Worse still is the mindless orthodoxy that passes for intellectual life on today’s campus. Do colleges offer illimitable freedom to explore whether there might be differences in the minds of men and women that make them excel at different academic subjects, or that there may be no out-of-the-ordinary global warming caused by human activity, or that mankind’s fate might require that marriage be defined as between a man and a woman, or that affirmative action and welfare might harm and degrade their supposed beneficiaries, or that Islam may not be a religion of peace, or that environmental cleanliness may not be man’s highest value, or that money ought to speak in politics, or even that all lives—not just black ones—matter? Here the fountain of Truth has indeed sickened into a muddy pool of conformity and tradition, as Milton knew such unthinking dogma as political correctness ensures....
... As for what college students know of every subject susceptible of contemplation, a hilarious film, Politically Challenged, that Texas Tech students produced does not reassure. To the question of “Who won the Civil War?” 11 students had no idea, though two thought it might have been the South, one suggested “America,” two didn’t know who fought it, and one wondered if the questioner meant the one that occurred in 1967. Only one answered, “The North; the Union.” Only one of nine students could name the current U.S. vice president. None of five students knew from whom America gained its independence, though one thought it might have happened in the 1970s—or else the 1670s. But all of them knew the names of actor Brad Pitt’s current and former wives and that “Snooki” was a character on the TV show Jersey Shore.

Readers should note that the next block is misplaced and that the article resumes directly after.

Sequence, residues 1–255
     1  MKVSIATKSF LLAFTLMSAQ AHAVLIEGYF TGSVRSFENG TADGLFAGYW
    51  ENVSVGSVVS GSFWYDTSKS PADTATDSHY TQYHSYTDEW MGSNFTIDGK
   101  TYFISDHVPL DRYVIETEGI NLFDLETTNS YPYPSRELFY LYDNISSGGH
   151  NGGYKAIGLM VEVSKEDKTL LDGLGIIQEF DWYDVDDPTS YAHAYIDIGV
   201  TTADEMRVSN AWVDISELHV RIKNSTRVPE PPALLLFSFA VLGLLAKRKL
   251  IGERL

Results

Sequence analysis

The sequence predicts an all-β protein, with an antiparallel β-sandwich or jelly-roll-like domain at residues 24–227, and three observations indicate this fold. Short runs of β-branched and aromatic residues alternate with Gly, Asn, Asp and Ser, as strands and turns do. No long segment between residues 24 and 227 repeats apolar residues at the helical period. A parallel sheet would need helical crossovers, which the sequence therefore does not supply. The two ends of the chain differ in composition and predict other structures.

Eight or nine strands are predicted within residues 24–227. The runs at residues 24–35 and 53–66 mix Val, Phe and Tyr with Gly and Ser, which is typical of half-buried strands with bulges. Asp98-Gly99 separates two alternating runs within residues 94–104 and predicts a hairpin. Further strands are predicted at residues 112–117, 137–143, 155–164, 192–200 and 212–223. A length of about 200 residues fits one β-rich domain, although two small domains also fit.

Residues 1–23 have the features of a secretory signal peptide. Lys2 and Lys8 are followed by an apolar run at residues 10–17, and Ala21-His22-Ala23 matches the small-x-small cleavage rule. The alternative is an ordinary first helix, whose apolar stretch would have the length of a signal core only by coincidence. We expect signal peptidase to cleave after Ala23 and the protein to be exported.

Finally, from Victor Davis Hanson -- one of his best columns ever, over at Pajamas Media -- "Weimar America":
No one can figure out how and why America’s youth have borrowed a collective $1 trillion for college tuition, and yet received so little education and skills in the bargain. Today’s campuses have become as foreign to American traditions of tolerance and free expression as what followed the Weimar Republic. To appreciate cry-bully censorship, visit a campus “free-speech” area. To witness segregation, walk into a college “safe space.” To hear unapologetic anti-Semitism, attend a university lecture. To learn of the absence of due process, read of a campus hearing on alleged sexual assault. To see a brown shirt in action, watch faculty call for muscle at a campus demonstration. To relearn the mentality of a Chamberlain or Daladier, listen to the contextualizations of a college president. And to talk to an uneducated person, approach a recent college graduate.The authors also reach remarkably similar conclusions. First, Patrick Deneen again:
If all that is confusing, factor in the Trimalchio banquet of campus rock-climbing walls, students glued to their iPhone 6s, $200 sneakers, latte bars, late-model foreign cars in the parking lot, and yoga classes. Affluence, arrogance, and ignorance are quite a trifecta.
I care deeply about and for my students – like any human being, each has enormous potential and great gifts to bestow upon the world. But I weep for them, for what is rightfully theirs but hasn’t been given. On our best days together, I discern their longing and anguish and I know that their innate human desire to know who they are, where they have come from, where they ought to go, and how they ought to live will always reassert itself. But even on those better days, I can’t help but hold the hopeful thought that the world they have inherited – a world without inheritance, without past, future, or deepest cares – is about to come tumbling down, and that this collapse would be the true beginning of a real education.
Next, Myron Magnet:
Western civilization arose on why. We had better keep asking it, draining every fetid pool of political correctness that lies in the way of an answer.
And the final word goes to Victor Davis Hansen:
I wish all this could end well. But history’s corrective to 1930s chaos was a different—and deadlier—sort of chaos. And so ours may well be too.